I once imagined how the conversation would go.
Me: “Hey Mom, I’m gay. Like Ellen. You know on TV. Her kind of gay.”
Her: “Ellen can be gay. You can’t.”
My mother loved me so much, but as an undocumented Black woman already facing so many hurdles, she didn’t want her child to check off yet another marginalized box. So I stayed in the closet, inviting a few people in over the years but never leaving. And when I felt sorry for myself and wanted to cry, she was quick to remind me how good I had it.
My mother did the hard work, contributed to the land of the free, and she had a plan for my future, like so many American children with immigrant parents. We anchor babies (one of my favorite pejorative terms that I have reappropriated) must apply to Ivy League schools and choose a career from an approved list: doctor, lawyer, engineer, professor, even immigration enforcement agent! Anything but a queer writer.
I never had the opportunity to tell her because it was never part of our plan. But when she had to confess her undocumented status to immigration officers, that plan was demolished. For the first time in our American lives, we experienced the privilege of an interlude. Usually, any tragedy forced us to move quicker, to hustle more. Breathing space is something we couldn’t afford. But her being deported stopped us.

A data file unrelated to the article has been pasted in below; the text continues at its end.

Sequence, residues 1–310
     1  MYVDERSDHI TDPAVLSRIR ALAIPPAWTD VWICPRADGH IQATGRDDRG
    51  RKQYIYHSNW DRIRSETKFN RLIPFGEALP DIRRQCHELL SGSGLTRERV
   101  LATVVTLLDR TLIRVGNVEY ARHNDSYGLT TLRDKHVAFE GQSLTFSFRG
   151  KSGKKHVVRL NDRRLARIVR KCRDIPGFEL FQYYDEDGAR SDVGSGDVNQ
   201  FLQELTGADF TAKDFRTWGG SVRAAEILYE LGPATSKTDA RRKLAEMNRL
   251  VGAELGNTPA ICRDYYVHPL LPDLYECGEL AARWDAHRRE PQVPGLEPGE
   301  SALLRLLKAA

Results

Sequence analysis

First, she just disappeared, and none of us knew where she was for weeks. When we finally learned that she had been detained, I swung into action, contacting a lawyer, trying to come up with a plan.
Then I received a phone call. And my mother and I had to talk to each other as if it was our last day on earth, because that’s what it felt like. I had only a few minutes to explain how we were going to try to keep her here, to remind her of our hustle, and, most importantly, to tell her that our love could survive this.